Circumstances in which the Audit Division will consider a downward transfer pricing adjustment
With regards to downward transfer pricing adjustments that involve a transaction in a treaty country, generally auditors will only consider these if they:
- are closely linked to an upward transfer pricing adjustment;
- relate to the same taxation year and the same non-resident as the upward audit adjustment; and,
- do not exceed the upward audit adjustment.
Where auditors recommend that downward requests be denied, taxpayers may still be eligible for relief under Mutual Agreement Procedure (MAP) procedures of an applicable tax treaty.
Also, auditors will recommend that requests not be accepted by the relevant delegated authority if the taxpayers cannot demonstrate, to the CRA’s satisfaction, the absence of retroactive tax planning, base erosion and profit shifting strategies, or double non-taxation.
Approval of the delegated authority
Once auditors have completed their review of a potential downward adjustment, they must prepare a referral seeking approval of the delegated authority. The authority to determine the appropriateness of an adjustment for the purposes of subsection 247(10) has been delegated to the CRA’s Director of the International Tax Directorate (ITD) and the Assistant Directors of Audit.
The referral will be made to an Assistant Director of Audit where the file under audit has a downward transfer pricing adjustment of less than $10,000,000. If the adjustment is of $10,000,000 or greater, the referral must be made to the Director of the ITD.
In order for downward pricing adjustments to be considered appropriate, repatriation must be carried out within 90 days of signing a repatriation agreement. Repatriation refers to the repayment of the amount, or a portion of the amount, of the benefit conferred as a consequence of a primary transfer pricing adjustments. Taxpayers should refer to Transfer Pricing Memorandum TPM-02R, Secondary Transfer Pricing Adjustments, Repatriation and Part XIII Tax Assessments.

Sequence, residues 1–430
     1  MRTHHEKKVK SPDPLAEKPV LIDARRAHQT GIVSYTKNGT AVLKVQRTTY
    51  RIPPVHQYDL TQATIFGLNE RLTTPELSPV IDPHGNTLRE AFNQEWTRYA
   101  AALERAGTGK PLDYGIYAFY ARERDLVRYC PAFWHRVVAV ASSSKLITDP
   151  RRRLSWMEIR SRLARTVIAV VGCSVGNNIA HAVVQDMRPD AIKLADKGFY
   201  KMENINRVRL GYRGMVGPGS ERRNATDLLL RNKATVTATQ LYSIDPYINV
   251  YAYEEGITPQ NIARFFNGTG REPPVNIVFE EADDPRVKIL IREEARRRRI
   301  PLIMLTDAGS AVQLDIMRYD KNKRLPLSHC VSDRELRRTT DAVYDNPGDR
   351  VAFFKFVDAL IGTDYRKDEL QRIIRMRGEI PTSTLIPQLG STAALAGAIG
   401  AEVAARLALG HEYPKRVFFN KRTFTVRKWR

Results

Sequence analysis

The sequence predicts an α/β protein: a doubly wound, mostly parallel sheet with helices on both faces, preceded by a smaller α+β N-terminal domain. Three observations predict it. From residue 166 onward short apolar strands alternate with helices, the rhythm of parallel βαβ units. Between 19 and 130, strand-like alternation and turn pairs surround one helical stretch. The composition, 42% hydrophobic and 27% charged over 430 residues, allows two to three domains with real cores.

- The CRA considers that downward transfer pricing adjustments “are not intended to serve as a vehicle for taxpayers to implement retroactive tax planning or base erosion and profit shifting strategies, nor are their intended to achieve double non-taxation”.
- Downward transfer pricing adjustments are only allowed in limited circumstances.
- Where a downward transfer pricing adjustment request involves a treaty country, the adjustment will only be applied at the audit stage if it is closely linked to, and does not exceed, the upward audit adjustment.
- Of particular interest is the CRA’s view of what constitutes “retroactive tax planning”, as illustrated by the suggestion in Example A of Appendix A, which describes a situation in which a downward pricing adjustment creates additional income in the non-Canadian jurisdiction that is sheltered from taxation by losses created on a corporate reorganization.
If you have further questions about transfer pricing, reach out to your BLG lawyer, the authors of this article, or any member of BLG’s Tax Group.